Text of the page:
Bilham said one of the chief causes of the high destruction and fatality rates in Haiti and other developing countries is due in large part to corruption in the construction industry. One of the problems is bribery, which often takes the form of corrupt awards of construction projects, corrupt issuance of permits and approval documents and corrupt inspection practices.

“It should be appalling to the people of the world that in 2009, more than 100 years after earthquake-resistant construction began to be understood and implemented by engineers, that it is possible to forecast large numbers of future earthquake fatalities from the collapse of cities,” said Bilham in his 2009 Mallet-Milne Lecture to earthquake engineers at The Society for Earthquake and Civil Engineering Dynamics meeting in London.

Quigley probably didn’t bring this up in the article because there’s no way to blame America for it.

Yes, but what about all that foreign aid we’ve cut off? What about allowing NGO’s to distribute the aid?

Bush critics complain that Aristide wasn’t given enough aid. By the end almost all assistance to Haiti was being funneled through nongovernmental groups, because no one trusted the government. The OAS and the European Union, especially the French, didn’t want to hand aid over to a corrupt regime. The United States withheld certain aid, but didn’t cut it off entirely ($71 million in bilateral aid last year), continuing a stream of assistance that has been generous by any standard.

Since 1994, the United States has spent $850 million on Haiti. If you count money spent on U.S. troops in the country and on repatriation of refugees, the figure is roughly $3 billion. “If that’s not a commitment to a country, I don’t know what is,” says a senior administration official.

Quigley conveniently uses the year 2004 to complain about aid cutoffs to Haiti. In fact, from 2004-06, the US sent $230 million in developmental aid to that nation. The 2008 regular foreign aid appropriation was $287 million which doesn’t include another $45 million in food aid.

The idea that the only reason we withheld aid in 2001-2004 was because we were “mad” at the Haitian president is laughably childish. People were being murdered in the streets, chaos and corruption reigned in government, and Quigley wanted to continue business as usual? It wasn’t just America, either. The international community made most of these determinations based on the realistic notion that any money sent to Haiti would be used to enrich the ruling elite and not end up helping the people. That’s the bottom line, Quigley’s ignorance - or deliberate obfuscation of the facts - notwithstanding.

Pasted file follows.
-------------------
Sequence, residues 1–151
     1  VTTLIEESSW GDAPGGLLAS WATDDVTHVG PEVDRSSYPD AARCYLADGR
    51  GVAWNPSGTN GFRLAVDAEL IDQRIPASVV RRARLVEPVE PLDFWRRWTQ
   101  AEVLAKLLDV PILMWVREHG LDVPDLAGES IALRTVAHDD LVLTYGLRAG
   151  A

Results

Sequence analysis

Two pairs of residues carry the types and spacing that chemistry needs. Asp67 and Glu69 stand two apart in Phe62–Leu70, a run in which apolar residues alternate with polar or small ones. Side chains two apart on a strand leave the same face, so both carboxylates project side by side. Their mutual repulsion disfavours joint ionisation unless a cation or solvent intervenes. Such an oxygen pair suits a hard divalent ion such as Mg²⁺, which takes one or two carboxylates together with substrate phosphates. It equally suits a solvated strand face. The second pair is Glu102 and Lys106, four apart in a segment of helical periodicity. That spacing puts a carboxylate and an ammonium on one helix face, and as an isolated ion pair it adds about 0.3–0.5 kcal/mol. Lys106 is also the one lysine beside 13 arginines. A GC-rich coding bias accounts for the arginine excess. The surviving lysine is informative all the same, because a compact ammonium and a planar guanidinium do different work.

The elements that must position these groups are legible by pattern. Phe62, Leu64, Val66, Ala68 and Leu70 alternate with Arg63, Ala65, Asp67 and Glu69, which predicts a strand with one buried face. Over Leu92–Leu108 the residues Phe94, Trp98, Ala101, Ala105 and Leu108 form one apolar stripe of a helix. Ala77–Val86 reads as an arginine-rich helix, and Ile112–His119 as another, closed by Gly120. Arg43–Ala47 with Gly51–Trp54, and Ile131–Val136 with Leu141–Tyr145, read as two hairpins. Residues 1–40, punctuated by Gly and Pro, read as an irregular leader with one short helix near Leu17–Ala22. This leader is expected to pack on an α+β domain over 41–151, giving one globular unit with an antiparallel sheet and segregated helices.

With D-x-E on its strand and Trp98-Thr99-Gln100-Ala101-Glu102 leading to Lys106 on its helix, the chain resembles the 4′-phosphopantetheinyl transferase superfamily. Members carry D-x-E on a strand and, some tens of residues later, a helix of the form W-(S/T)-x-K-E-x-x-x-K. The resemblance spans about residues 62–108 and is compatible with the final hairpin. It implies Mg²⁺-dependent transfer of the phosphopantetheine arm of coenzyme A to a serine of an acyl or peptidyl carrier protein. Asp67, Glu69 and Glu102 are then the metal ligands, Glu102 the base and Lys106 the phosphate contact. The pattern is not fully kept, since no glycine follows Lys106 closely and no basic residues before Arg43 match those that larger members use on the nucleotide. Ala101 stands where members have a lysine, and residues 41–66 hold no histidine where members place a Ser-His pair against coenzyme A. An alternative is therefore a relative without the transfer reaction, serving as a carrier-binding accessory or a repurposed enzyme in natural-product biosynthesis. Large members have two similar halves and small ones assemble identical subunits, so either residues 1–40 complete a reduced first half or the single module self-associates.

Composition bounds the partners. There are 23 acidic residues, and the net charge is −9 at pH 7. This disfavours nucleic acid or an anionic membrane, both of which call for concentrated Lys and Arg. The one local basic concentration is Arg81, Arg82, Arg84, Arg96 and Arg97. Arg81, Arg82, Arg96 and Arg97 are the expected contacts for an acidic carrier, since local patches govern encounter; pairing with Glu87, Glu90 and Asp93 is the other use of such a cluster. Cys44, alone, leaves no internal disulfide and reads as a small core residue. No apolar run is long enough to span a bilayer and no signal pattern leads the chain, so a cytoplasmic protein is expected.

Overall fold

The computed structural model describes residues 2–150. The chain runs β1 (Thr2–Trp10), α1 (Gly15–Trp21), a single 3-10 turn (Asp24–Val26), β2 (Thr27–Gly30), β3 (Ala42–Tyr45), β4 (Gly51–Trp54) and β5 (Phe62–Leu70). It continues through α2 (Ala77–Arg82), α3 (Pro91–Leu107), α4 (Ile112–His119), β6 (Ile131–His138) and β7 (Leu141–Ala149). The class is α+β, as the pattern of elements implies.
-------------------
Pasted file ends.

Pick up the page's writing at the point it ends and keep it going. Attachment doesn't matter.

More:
And Quigley may be the only lefty in America who begrudge poor people saving a few cents per pound on rice. An unfortunate by product of this is the flight from rural areas of farmers who can’t compete. We’ve seen the same thing in Africa and Asia as globalization makes its uneven and problematic journey around the world. There may be cause for criticism for subsidizing rice growers in the US. But to make the preposterous leap of logic that more people died as a result of US policy is a monumental stretch that even a high school debater wouldn’t make. It sounds logical but there is no empirical evidence that remotely supports it.

Perhaps Mr. Quigley wrote his article as satire. Morel likely, he’s simply an ignorant twit who cherry picked information that he thought would make his case that America is to blame for the large numbers of dead as a result of this tragedy.

Trying to draw attention to yourself by using a catastrophe to make an invalid, and ultimately silly point that you know will play well with those already disposed to believe the worst about their own country may be the height of cynical self promotion. Congratulations are in order for Mr. Quigley. He lived down to all the lowered expectations we’ve come to expect from most writers at Huffington Post.


Filed under: WORLD POLITICS — Rick Moran @ 9:40 am

Something huge is going to have to be done in Haiti and done quickly or there will be a humanitarian catastrophe bigger than anything most of us can imagine.

Here’s the situation; 3 million people are without food, without water, without proper sewage, without shelter, and without a government that can facilitate aid that is now pouring into the stricken island nation.

What’s more, the prospects that much of this situation can be alleviated in the near future are close to zero. The earthquake has absolutely pulverized the country, paralyzed an already weak and ineffective government, and shortly, will shatter the civil compact that all societies must have if the law of the jungle is to be prevented from taking hold.

President Obama is responding magnificently - but it is not enough. How can it be when so much is needed by so many in such a short amount of time? As always, the US Navy is being called upon to deliver thousands of tons of supplies to the decimated population. But the port where they will be unloading those supplies is unusable:

What little infrastructure Haiti had before the earthquake was badly damaged, complicating relief efforts.

Supplies couldn’t come in by sea because Haiti’s main seaport was badly damaged during the quake, with the main dock partially submerged and cranes that move containers partially underwater and listing badly.